Mukarram Mukhtar

LINQ with WCF in .NET

In this tutorial we’ll create two .NET projects:

  1. The WCF service that will use LINQ to SQL and talk with a database.
  2. A web application i.e. the client of the above WCF service.

Creating WCF Service:

Alright then, let’s get started!

  • Start Visual Studio 2010 (2008 will also work)
  • Select New Project from the top left options
  • In the New Project dialogue box, you’ll see a left hand side panel called Installed Templates, expand Visual C# in the tree view and select WCF in it
  • This will change the available options in the middle panel, select WCF Service Application in the middle panel. Your New Project dialogue box should look something like this:

  • Give a decent name and path to the project and hit OK.
  • When you’ll click OK, the Visual Studio 2010 will create a WCF project for you with a default service added to it. Now we’ll quickly add all the files that we need in the solution before we start coding
  • First we’ll add a DBML object in our project that will link with the database. We’ll use SQL Server’s database. So right click the project file in the solution explorer and select Add New Item. In the Add new dialogue box, you’ll see a left hand panel called Installed Templates, select Data in it. The middle panel will get populated with all the available objects for Data related tasks. Select LINQ to SQL Classes, give a decent name (I usually give the same name as database that this object is going to connect with) to it and click Add button. The dialogue box will look something like this:

  • When you’ll click Add in the above dialogue box, a dbUniversity.dbml object will get added in your solution. Double click that object to open it in the design view. In the design view you’ll see a link to Server Explorer. Click it to open the Server Explorer. In the Server Explorer you can add a connection to a SQL Server and from there you can add database objects in your project. For the purpose of this tutorial, I created a database in my local SQL Server with the name University. I also added two tables namely Teacher and Department in the database. I was successfully able to create a connection with the database and add the two tables by drag n’ drop on the design panel of the dbUniversity.dbml. The design view should look something like this:

  • The obvious relationship between Department and Teacher is one-to-many. Now before we start writing LINQ code. I want to finish adding some other files that are required for this project. So let’s quickly add a new WCF service in our project. We know there is already a default service in the project, but we’ll leave it as it is and add a new one so that we can see what the complete process of adding a new service is. So let’s right click the project in Solution Explorer one more time and select Add New Item. In the New Item dialogue box select Web in the Installed Templates panel and select WCF Service in the middle panel. Give your service a decent name and select Add button in the bottom. The dialogue box will look like this:

  • Now when you’ll click Add button in the above dialogue box, you will notice two new files will get added in your solution a). MyService1.svc b).IMyService1.cs Why the two? If you open MyService1.svc.cs you’ll find your answer. Basically MyService1 class extends – I mean – implements the IMyService1 interface. So yeah, IMyService1 is the interface of our service and that’s why it contains keywords like ServiceContracts and OperationContracts. Who are these contracts with? With the clients of our service. See that’s how it works, when our service is published, it signs a contract with all of the prospective client applications that these are my operational methods, and these are the signatures of those methods with their return types. Clients will connect with our service assuming that our service will abide by this contract. As long as our service abides by its contract the communication between client and the service will continue. If at any point service changes its functionality to the extent that it changes the names of its operational methods or their signatures, the communication will become erratic. The complete Service Oriented Architecture concepts are obviously beyond the scope of our little tutorial, so we’ll pass on that and move forward on adding our one last piece of code file in our project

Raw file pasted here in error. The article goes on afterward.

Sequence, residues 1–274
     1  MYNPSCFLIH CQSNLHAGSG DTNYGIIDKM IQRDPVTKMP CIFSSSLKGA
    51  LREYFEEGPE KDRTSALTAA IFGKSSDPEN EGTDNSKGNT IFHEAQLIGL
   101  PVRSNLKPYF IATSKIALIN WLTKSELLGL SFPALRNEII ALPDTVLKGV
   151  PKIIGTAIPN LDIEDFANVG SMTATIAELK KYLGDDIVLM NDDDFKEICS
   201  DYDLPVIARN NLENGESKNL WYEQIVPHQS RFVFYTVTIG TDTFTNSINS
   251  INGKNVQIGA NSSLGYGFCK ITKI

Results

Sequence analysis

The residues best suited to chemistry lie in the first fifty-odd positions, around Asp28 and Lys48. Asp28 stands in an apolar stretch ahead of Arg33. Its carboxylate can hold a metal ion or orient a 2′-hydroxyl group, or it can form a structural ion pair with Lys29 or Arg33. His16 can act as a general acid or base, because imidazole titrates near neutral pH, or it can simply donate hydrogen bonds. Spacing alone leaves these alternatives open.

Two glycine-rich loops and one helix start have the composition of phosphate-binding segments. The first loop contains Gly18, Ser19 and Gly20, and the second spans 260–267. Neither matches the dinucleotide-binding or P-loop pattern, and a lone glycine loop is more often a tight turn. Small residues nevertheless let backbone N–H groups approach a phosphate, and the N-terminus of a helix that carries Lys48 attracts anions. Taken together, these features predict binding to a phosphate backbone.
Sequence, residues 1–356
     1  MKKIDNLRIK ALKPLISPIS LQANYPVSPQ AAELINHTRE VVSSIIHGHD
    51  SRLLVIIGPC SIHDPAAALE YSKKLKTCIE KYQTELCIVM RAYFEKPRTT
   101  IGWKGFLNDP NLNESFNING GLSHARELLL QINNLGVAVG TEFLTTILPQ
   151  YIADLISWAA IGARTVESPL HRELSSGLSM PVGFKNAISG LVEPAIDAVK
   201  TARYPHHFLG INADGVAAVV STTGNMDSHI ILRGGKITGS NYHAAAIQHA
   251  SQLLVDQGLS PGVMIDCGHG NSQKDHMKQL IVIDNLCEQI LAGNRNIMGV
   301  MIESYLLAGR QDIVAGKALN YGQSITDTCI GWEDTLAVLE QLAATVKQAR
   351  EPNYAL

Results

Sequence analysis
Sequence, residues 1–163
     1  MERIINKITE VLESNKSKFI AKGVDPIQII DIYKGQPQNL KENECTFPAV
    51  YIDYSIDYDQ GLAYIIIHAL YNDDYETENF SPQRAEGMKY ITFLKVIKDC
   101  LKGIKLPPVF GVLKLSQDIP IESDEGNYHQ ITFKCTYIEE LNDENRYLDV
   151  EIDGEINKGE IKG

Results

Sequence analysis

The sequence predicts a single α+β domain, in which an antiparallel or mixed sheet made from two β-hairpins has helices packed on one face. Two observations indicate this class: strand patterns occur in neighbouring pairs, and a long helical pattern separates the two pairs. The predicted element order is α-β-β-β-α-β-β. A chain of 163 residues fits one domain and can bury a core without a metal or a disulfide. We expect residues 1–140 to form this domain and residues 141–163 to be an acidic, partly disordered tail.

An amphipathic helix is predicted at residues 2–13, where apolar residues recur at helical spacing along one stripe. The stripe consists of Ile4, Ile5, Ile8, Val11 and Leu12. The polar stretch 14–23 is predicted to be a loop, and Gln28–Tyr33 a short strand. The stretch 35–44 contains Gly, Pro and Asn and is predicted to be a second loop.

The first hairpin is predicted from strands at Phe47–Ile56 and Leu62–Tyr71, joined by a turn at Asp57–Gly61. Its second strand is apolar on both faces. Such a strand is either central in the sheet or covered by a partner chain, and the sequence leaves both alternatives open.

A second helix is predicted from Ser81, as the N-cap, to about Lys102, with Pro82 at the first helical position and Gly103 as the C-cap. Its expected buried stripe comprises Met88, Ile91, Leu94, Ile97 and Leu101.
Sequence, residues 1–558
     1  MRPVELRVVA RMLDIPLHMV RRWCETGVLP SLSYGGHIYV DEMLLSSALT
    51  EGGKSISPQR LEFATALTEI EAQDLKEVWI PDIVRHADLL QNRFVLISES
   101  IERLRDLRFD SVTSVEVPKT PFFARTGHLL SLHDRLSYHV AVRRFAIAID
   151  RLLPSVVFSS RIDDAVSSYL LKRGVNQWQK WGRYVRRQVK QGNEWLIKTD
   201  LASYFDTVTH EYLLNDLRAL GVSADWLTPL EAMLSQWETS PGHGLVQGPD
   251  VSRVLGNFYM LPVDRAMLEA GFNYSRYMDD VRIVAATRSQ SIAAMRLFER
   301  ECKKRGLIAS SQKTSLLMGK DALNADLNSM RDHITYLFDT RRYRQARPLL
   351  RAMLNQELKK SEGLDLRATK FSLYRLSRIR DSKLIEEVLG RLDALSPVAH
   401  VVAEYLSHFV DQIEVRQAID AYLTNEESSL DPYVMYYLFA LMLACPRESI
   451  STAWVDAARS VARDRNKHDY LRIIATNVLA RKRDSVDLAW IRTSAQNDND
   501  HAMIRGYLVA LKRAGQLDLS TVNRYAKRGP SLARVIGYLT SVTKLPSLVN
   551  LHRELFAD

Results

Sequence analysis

• Right click the project in the Solution Explorer and add a simple CS class file, name it DAOTeacher.cs
  • Ok now we’ve added all the required files in our project, before we start coding, we’ll take a quick look at our Solution Explorer to see if everything looks good. Our Solution Explorer should look something like this:

Of course the most important files are in the bottom of the list. Anyways, so now we’ve got everything that we needed and we’re ready to start coding and we’ll start with the hardest part first i.e. DAOTeacher.cs. In DAOTeacher class we just want to see how we can query against a database using LINQ to SQL classes and also we want to explore the new language syntax of LINQ class libraries. Therefore, we’ll create a new method called GetTeacherName, pass in a teacher numeric ID to it and query against the database to get the name of the teacher. The code of DAOTeacher.cs looks like as follows:

using System;
using System.Collections.Generic;
using System.Linq;
using System.Text;
using System.Runtime.Serialization;
using System.Web;
namespace prjWCFTest1
{
    public class DAOTeacher
    {
        public string GetTeacherName(int id)
        {
01            dbUniversityDataContext db = new dbUniversityDataContext();
            string teacherName = string.Empty;
            try
            {
02                teacherName = (from vTeachers in db.Teachers
                                   where (vTeachers.teacher_id == id)
                                   select
                           vTeachers.teacher_name).ToList().FirstOrDefault();                                  
            }
            catch (Exception exc) { teacherName = exc.ToString(); }
            return teacherName;
        }
    }
}

In line # 01, we added a database context. This is a new class that .NET created for us with the prefix of the same name that we gave to our DBML object. The data context class contains all the information that we dragged n’ dropped in the design view of the DBML object. The data context has different overloaded functions that we can use, e.g. we can pass the database connection string at the run-time to instantiate the context object, a feature which is sometimes useful if you’re deploying the same application from Dev to QA or Production environments and want to pass the database connection string dynamically (again, this discussion is beyond the scope of the tutorial). So in line # 02 we’re basically querying against the database. The line is pretty much similar to the following SQL query: